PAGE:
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Reblogged from skeptv  7 notes

skepttv:

Tyrannosaurus rex bite force animated

In a new study published in UK journal Biology Letters, researchers at Liverpool University predict that a Tyrannosaurus rex’s bite is much stronger than previously thought. Researchers used laser scanners to digitize T. rex jaws and used computer models to reconstruct the jaw muscles of the T. rex and estimate its bite force. The study predicts T. rex had a bite force of 20,000 to 57,000 Newtons, equivalent to the force of a medium-sized elephant sitting down.

Reblogged from scinerds  157 notes
scinerd:

Origin of Dinosaur-Killing Asteroid Is Still a Mystery

The source of the asteroid that killed off the dinosaurs 65 million years ago remains a mystery, a new study finds.

Some researchers had thought the deadly asteroid was a piece of a larger space rock called Baptistina. Baptistina broke apart after a massive in-space collision about 160 million years ago, the theory went, spawning a swarm of mountain-size chunks of rock. One of those eventually slammed into Earth, killing off the dinosaurs and many other species.

Scientists are confident that a 6-mile-wide (10-kilometer asteroid) is indeed what wiped out the dinosaurs. But new observations from NASA’s Wide-field Infrared Survey Explorer (WISE) space telescope suggest the space rock didn’t come from Baptistina.

The timing just isn’t right, according to the new study.

“As a result of the WISE science team’s investigation, the demise of the dinosaurs remains in the cold case files,” said Lindley Johnson, program executive for the Near Earth Object Observation Program at NASA headquarters in Washington, in a statement.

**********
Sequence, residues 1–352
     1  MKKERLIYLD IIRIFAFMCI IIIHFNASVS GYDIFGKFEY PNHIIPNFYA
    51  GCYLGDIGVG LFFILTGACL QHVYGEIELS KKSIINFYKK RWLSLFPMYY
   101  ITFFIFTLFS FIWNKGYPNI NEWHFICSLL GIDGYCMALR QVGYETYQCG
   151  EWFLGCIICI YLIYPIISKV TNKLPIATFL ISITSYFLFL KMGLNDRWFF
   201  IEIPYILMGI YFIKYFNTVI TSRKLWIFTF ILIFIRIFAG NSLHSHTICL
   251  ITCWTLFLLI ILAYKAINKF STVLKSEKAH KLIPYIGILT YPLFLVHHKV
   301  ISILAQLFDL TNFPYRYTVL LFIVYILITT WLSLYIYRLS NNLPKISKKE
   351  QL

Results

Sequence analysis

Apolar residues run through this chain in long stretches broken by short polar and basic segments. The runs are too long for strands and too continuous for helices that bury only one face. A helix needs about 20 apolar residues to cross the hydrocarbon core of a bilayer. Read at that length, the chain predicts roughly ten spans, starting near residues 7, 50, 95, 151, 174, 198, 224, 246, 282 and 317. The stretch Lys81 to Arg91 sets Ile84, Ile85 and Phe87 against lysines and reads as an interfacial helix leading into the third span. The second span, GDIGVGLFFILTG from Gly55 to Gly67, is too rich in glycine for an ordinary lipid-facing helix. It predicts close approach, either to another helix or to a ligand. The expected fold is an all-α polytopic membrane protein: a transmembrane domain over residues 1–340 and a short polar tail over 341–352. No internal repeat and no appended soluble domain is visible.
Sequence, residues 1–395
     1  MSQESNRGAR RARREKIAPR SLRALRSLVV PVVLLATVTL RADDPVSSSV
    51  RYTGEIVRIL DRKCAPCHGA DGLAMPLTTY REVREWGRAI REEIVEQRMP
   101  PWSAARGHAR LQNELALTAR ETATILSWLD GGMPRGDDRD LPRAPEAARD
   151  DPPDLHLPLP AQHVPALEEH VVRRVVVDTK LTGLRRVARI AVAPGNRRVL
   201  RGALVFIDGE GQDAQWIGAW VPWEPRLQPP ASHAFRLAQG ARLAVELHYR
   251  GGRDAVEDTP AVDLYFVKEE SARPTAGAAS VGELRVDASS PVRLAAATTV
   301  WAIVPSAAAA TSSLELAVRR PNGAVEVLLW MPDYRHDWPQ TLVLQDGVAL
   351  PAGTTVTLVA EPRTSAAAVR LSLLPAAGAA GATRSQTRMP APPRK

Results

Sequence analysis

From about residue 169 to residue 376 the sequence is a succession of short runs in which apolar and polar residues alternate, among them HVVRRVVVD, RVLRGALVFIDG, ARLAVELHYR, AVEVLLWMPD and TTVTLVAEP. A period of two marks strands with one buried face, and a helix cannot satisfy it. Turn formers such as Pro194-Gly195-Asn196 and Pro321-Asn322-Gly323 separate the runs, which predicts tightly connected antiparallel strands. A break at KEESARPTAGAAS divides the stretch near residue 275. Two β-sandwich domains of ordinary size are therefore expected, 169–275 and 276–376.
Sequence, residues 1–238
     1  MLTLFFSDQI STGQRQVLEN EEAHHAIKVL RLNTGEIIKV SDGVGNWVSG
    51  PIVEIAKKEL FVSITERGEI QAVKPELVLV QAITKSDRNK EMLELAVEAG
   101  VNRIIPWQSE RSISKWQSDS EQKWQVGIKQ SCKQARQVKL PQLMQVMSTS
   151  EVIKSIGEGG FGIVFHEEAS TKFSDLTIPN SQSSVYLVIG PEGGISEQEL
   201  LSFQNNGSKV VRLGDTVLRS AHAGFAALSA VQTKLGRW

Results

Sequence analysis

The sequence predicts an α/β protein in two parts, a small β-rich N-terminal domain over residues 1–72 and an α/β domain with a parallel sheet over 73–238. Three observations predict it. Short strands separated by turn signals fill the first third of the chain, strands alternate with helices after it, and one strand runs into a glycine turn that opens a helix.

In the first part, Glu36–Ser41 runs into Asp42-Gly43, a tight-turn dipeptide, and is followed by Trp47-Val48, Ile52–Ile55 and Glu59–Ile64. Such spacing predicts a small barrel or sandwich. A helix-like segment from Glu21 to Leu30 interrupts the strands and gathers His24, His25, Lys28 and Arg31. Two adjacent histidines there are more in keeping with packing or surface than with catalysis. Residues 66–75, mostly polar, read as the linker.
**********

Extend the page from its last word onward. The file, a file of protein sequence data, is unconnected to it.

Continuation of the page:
Questioning The Theory

Baptistina first came under suspicion in some astronomers’ minds after a 2007 study. In that work, researchers used visible-light data from ground-based telescopes to estimate the size and reflectivity of the Baptistina “family” — the pieces of the broken-apart space rock.

With these estimates in hand, researchers determined that the big space rock likely broke apart about 160 million years ago. That would have given plenty of time for the Baptistina family asteroids to disperse to different and potentially dangerous orbits by the time of the dino-killing impact.

Read On

scinerd:

Origin of Dinosaur-Killing Asteroid Is Still a Mystery

The source of the asteroid that killed off the dinosaurs 65 million years ago remains a mystery, a new study finds.

Some researchers had thought the deadly asteroid was a piece of a larger space rock called Baptistina. Baptistina broke apart after a massive in-space collision about 160 million years ago, the theory went, spawning a swarm of mountain-size chunks of rock. One of those eventually slammed into Earth, killing off the dinosaurs and many other species.

Scientists are confident that a 6-mile-wide (10-kilometer asteroid) is indeed what wiped out the dinosaurs. But new observations from NASA’s Wide-field Infrared Survey Explorer (WISE) space telescope suggest the space rock didn’t come from Baptistina.

The timing just isn’t right, according to the new study.

“As a result of the WISE science team’s investigation, the demise of the dinosaurs remains in the cold case files,” said Lindley Johnson, program executive for the Near Earth Object Observation Program at NASA headquarters in Washington, in a statement.

Questioning The Theory

Baptistina first came under suspicion in some astronomers’ minds after a 2007 study. In that work, researchers used visible-light data from ground-based telescopes to estimate the size and reflectivity of the Baptistina “family” — the pieces of the broken-apart space rock.

With these estimates in hand, researchers determined that the big space rock likely broke apart about 160 million years ago. That would have given plenty of time for the Baptistina family asteroids to disperse to different and potentially dangerous orbits by the time of the dino-killing impact.

Read On